Psychiatrist and retired NASA flight surgeon Pat Santy (who blogs as “Dr. Sanity”) is probably the one blogger that made me think seriously about the role of psychology in setting the discourse of society. (The one psychiatrist I read more religiously is Charles Krauthammer — but he, unlike her, quit the profession decades ago to become one of America’s most incisive opinion journalists.)
In today’s post she laments that “therapeutic psychobabble” is not only destroying the credibility of psychiatry as a discipline, but having an invidious effect on society at large. “This is a particular American madness, as far as I can tell, the invocation of ludicrous pop psychology to explain acts that can only properly be described as evil.” she quotes John Podhoretz. (However, I can testify that this sort of thinking, perhaps in slightly less mediatized and saccharine ways, is very much alive in Europe as well. Do not forget that the old saw: “to understand all is to forgive all” is a direct translation of a French proverb: “comprendre tout, c’est pardonner tout”. As Robert Heinlein wrily noted: ‘some things, the more you understand the more you loathe them’.)
But let’s yield the stage to Dr. Sanity:
“The therapeutic sensibility”, or what I call “therapeutic psychobabble”, is not actually therapeutic (i.e., it does not lead to healing) in the least.
In fact, this sensibility often becomes the major impediment that prevents patients with serious emotional problems from taking control over their lives. And, for individuals who aren’t patients (but soon will be, most likely) it reflects a passive world view, where a person is the helpless victim of forces outside their control.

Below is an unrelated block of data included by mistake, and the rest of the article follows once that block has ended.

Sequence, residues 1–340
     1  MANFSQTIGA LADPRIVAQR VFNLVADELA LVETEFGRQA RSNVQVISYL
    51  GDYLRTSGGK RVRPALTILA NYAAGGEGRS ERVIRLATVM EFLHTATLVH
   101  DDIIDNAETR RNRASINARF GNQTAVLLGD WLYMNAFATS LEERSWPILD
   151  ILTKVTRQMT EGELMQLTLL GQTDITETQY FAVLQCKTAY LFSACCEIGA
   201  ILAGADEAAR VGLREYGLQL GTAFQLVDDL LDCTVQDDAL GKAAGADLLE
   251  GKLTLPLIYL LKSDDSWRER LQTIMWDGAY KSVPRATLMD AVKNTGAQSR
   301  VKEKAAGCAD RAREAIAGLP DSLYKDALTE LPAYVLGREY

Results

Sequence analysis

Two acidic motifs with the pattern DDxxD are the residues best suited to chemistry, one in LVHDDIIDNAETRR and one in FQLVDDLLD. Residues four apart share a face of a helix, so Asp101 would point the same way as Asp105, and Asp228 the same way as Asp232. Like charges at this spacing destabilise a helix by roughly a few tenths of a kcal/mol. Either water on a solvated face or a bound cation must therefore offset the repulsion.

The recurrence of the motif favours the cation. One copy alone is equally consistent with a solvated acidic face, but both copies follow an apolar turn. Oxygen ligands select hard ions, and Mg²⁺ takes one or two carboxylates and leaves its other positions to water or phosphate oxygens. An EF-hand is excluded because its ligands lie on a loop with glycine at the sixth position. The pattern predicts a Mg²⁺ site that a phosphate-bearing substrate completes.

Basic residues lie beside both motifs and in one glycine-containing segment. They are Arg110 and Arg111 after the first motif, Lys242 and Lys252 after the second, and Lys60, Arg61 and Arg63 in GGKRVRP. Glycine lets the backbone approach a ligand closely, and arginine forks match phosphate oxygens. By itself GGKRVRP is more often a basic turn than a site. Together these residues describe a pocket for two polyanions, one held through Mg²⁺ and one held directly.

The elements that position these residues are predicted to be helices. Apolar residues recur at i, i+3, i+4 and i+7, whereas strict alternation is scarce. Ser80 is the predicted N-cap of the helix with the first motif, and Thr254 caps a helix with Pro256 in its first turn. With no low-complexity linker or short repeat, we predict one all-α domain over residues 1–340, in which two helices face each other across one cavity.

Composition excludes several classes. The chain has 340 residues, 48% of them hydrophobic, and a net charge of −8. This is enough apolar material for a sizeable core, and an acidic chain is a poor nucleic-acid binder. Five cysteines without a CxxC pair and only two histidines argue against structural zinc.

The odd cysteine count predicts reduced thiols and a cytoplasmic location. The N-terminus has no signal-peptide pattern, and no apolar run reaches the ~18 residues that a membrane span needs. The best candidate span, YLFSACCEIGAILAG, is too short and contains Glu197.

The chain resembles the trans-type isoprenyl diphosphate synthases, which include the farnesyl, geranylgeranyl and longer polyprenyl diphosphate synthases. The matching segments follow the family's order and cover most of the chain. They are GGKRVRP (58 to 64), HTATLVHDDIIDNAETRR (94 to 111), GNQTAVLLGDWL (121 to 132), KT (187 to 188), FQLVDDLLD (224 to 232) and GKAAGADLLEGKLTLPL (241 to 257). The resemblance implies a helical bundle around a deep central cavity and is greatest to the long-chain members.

“The key aspects of this psychobabble include an overemphasis on “self-esteem” at the expense of self-control and personal responsibility; an attitude that practically worships “feelings” at the expense of reason and truth; a fundamental misunderstanding about stress and the role of stress in life (i.e., that “all stress is bad”, for example; and failing to appreciate that stress, when it is acknowledged and dealt with in healthy ways can enhance maturity and psychological health); and finally the glorification of victimhood and the celebration of unhealthy narcissism and the narcissists who exhibit it.”
Read the whole thing, as they say.
PS: let’s leave the last word to Jonah Goldberg: “We have a real problem when much of the political and journalistic establishment is eager to jump to the conclusion that peaceful political opponents are in league with violent extremists, but is terrified to consider the possibility that violent extremists really are violent extremists if doing so means calling attention to the fact that they are Muslims.”